LASIK: Seeking Clear Vision

LASIK surgery personal story
In a twist of irony, I’ve also had moments staring at my reflection in the mirror wishing I could put on my old thick-rimmed glasses to make me look thoughtful and intelligent.
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The worst pain I’ve ever experienced was a stinging, stabbing sensation in both eyes. It hurt to open or close them. The pain left me rocking back and forth in the fetal position, crying into tissues for several hours.

“I feel like there are needles are stabbing me in the eye,” I complained over the phone to my boyfriend.

“You would feel way worse if that were true,” he said.

I wasn’t so sure. I put drops into my eyes every fifteen minutes, more frequently when I couldn’t stand it, and held cool cloths over them. This wasn’t the only eye infection I’ve had, but it was by far the worst. This was back when I was prone to eye infections, getting one every winter four years in a row. Each time I blamed the combination of the dry winter weather and bacteria harboring contacts, but if my optometrist agreed with my theories, he didn't say so.

Come to think of it, I had a lot of eye drama before I got LASIK surgery. Before the infections, it was smudged glasses flying off my face during middle school volleyball when I forgot my rubber glass-guard. Or it was my contacts filling with chlorinated pool water and slipping into the outer regions of my eyelid. There were the fogged glasses after coming in from the cold and the days I walked around one-eyed like a pirate because I lost one contact somehow throughout the day. It’s funny how LASIK surgery made all these things go away so easily.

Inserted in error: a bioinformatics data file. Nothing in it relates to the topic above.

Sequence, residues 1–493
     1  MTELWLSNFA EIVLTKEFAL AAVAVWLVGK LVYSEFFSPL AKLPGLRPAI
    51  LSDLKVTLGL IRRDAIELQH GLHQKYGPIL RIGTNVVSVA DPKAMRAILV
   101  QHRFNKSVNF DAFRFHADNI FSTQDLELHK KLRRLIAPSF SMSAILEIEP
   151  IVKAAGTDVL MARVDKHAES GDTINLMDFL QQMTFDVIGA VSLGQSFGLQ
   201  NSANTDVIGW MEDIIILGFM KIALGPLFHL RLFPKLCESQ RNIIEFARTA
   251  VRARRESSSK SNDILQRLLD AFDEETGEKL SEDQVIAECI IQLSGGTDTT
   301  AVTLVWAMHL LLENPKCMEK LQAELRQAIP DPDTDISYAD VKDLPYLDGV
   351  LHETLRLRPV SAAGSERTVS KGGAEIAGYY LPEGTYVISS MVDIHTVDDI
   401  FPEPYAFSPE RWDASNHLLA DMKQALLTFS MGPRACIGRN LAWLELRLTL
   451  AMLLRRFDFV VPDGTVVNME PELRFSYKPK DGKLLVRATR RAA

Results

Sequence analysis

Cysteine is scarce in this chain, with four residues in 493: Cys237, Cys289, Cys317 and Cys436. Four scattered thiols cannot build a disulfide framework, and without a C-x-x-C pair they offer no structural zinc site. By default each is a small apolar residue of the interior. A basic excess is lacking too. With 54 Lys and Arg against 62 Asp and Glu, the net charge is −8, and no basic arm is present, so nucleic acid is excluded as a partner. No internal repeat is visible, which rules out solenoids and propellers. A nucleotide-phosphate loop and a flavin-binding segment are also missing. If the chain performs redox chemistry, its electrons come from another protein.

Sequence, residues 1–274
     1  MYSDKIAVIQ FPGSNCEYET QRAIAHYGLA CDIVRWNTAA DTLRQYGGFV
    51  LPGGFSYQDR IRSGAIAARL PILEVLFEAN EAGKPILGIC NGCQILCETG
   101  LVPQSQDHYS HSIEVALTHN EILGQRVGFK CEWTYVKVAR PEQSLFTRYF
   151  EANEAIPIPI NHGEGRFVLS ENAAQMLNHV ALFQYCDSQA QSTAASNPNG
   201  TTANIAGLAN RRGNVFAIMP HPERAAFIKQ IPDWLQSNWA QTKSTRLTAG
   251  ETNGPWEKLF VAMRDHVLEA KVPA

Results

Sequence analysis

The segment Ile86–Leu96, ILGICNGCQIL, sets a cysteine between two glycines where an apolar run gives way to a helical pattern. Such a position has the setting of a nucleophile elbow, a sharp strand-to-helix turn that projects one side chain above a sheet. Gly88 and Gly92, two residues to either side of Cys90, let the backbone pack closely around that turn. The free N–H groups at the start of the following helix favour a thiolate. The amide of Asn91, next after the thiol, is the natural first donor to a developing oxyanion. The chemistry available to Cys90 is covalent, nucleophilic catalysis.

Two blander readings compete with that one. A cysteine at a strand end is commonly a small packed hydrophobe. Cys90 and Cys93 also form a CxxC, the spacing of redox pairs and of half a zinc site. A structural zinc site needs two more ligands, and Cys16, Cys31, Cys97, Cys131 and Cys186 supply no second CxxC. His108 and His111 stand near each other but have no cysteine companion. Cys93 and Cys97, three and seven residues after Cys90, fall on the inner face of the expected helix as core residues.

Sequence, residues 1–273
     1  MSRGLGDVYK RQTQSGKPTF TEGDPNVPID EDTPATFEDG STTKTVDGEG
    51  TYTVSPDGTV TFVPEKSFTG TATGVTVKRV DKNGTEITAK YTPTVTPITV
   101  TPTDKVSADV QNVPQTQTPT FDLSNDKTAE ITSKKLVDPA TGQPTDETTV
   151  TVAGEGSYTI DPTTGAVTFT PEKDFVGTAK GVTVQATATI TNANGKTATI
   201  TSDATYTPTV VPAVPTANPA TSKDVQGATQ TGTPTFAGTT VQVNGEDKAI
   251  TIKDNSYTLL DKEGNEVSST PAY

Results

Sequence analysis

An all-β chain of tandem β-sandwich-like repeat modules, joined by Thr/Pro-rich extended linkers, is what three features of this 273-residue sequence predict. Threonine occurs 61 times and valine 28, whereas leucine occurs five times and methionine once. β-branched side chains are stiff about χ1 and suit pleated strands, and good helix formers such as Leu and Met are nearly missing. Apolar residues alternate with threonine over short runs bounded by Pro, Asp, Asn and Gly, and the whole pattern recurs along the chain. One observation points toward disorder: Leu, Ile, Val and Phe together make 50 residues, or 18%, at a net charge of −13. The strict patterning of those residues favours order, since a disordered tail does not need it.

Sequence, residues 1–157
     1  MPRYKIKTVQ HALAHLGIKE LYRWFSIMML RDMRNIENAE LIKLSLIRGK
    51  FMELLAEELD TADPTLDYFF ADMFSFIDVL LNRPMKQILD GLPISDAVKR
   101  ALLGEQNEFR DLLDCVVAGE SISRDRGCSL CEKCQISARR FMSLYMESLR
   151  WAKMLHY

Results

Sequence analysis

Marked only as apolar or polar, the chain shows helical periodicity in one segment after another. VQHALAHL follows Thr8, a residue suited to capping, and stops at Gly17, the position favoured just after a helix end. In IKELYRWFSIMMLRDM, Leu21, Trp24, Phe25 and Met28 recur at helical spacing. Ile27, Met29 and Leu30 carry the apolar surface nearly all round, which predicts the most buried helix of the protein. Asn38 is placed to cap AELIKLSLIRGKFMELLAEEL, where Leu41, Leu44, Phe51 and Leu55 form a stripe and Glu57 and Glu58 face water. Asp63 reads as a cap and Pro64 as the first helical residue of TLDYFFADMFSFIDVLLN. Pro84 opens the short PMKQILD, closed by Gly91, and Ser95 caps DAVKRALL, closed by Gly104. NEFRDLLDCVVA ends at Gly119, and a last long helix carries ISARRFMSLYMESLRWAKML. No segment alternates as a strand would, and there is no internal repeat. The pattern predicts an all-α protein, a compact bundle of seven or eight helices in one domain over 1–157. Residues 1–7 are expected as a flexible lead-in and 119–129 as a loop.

I decided on LASIK surgery one year ago, shortly before my wedding. I had given up on contacts and mostly gotten used to my thick-rimmed glasses. But the thought of wearing glasses on my wedding day was too much to handle. I had always hoped I would get LASIK sometime in the vague and distant future (when the procedure would be so advanced that it only took one second and didn’t hurt at all), but after talking to family members, coworkers, and friends on Facebook who had the surgery, there was no reason to wait. Even if vanity was my greatest motivator, I believed that this would positively impact the rest of my life. I would have the ability to see. I could stop visiting the optometrist so often. I pictured myself on the beach for our honeymoon, seeing the crashing waves and the sunset over the water with perfect clarity.

Several weeks later I was in the waiting room before my LASIK procedure with my mom by my side. Neither of us was able to relax enough to talk or read magazines. We tried not to watch the other surgeries happening, which were visible through the window into the operating room. I was scared, but since my mom was there, I tried to act confident for her sake. Finally, it was my turn in the operating room.

“I’m going to put numbing drops in your eye,” said the nurse.

“Put as many as you want,” I replied.

“So here’s how it’s going to go,” the doctor explained. “I’m going to lift the flap of your right eye then that eye will go dark. Next I will lift the flap of your left eye and ask you to look up at a red light. Then your left eye will go dark, and I’ll ask you to look at the red light with your right eye. Then I’ll close the flaps.”

The doctor pressed a ring around my eye to keep it open and the procedure began, machine like, first the right eye then the left. I could see the glint of scalpels and little tools until they came too close to see. The only thing that hurt was the ring pressing into my eyes to hold them open. I looked into the red light with each eye and reminded myself that the laser was programed to correct itself to my eye. Even if I moved my eye slightly, the laser would respond to my movements. I was perfectly safe. They closed up my eye flaps, and soon enough they were helping me down from the operating table. The whole thing took about ten minutes. I focused on my breathing the entire time.